State Assemblymember David Chiu gathered with other San Francisco lawmakers and officials at Pier 14 Monday to announce a bill he hopes will funnel roughly $250 million in tax revenue into repairing the aging, broken-down, earthquake-prone seawall that holds the bay back from the waterfront.
The bill, AB 2578, is a dense piece of work, reading in part:
Existing law authorizes the City and County of San Francisco to create infrastructure financing districts, including districts that include specified waterfront property, adopt infrastructure financing plans for those districts, and issue bonds financed by projected increases in ad valorem property taxes to fund certain public facilities.
Existing law specifies the types of projects a waterfront district may finance. This bill would make a nonsubstantive change to this provision relative to the types of projects a waterfront district may finance.
What that means, according to Chiu’s office, is that the bill will redirect property tax funds that would normally go to schools into a mechanism that will instead pay for seawall repairs.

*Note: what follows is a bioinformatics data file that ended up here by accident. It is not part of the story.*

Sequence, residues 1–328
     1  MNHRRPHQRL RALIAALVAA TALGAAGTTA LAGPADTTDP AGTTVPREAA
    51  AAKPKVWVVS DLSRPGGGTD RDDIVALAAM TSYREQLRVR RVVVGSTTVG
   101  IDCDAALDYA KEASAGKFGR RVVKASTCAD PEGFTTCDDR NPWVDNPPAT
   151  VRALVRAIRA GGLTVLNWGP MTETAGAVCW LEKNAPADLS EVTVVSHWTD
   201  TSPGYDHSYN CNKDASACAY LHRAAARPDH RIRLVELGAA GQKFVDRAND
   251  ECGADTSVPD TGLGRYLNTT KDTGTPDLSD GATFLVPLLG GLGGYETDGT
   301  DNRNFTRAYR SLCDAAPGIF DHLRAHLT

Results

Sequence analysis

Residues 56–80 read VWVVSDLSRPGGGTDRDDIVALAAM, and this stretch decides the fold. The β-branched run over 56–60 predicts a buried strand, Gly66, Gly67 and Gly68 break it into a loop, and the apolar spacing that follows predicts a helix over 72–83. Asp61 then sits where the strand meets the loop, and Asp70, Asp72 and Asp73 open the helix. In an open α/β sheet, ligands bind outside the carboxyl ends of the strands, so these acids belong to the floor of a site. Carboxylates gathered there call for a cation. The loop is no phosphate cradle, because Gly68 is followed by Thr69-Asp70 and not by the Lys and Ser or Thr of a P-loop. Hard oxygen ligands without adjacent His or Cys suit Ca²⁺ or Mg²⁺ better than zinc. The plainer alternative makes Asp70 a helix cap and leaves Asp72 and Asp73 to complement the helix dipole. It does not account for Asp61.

But Chiu spokesperson Jennifer Kwart says “the money taken from the school gets backfilled by the state later,” calling it a “round robin” that diverts cash from a few different places for technical reasons.
Note that the projected $250 million would come in over the course of 45 years. Kwart notes that the final sum “could fluctuate based on property taxes.”
Speaking on Monday, Chiu said of the seawall, “We’re fortunate it’s lasted this long,” noting that it relies on weak soil and was designed with comparably archaic engineering standards.
“With near certainty, the Big One will strike over the next three decades,” Chiu warned, saying the wall in its present condition won’t stand up to a 1906-level shake. The lawmaker also referring to the predicted sea level rise over the next 100 years. Both disasters could lead to drastic flooding if the wall doesn’t stand up.
The San Francisco Port Commission issued a 2016 report on the dire state of the wall. The 100-plus-year-old structure is made up mainly of landfill, a 100-foot-wide, 30-foot-deep trench filled with rocks and rubble resulting in a “pyramid-shaped dike up to 40 feet tall, capped with a bulkhead wall that holds waters back.
Chiu’s quarter million is one of several pending plans for financing retrofits and repairs. Which is good, since the Port anticipates the final cost will be somewhere in the ballpark of $5 billion.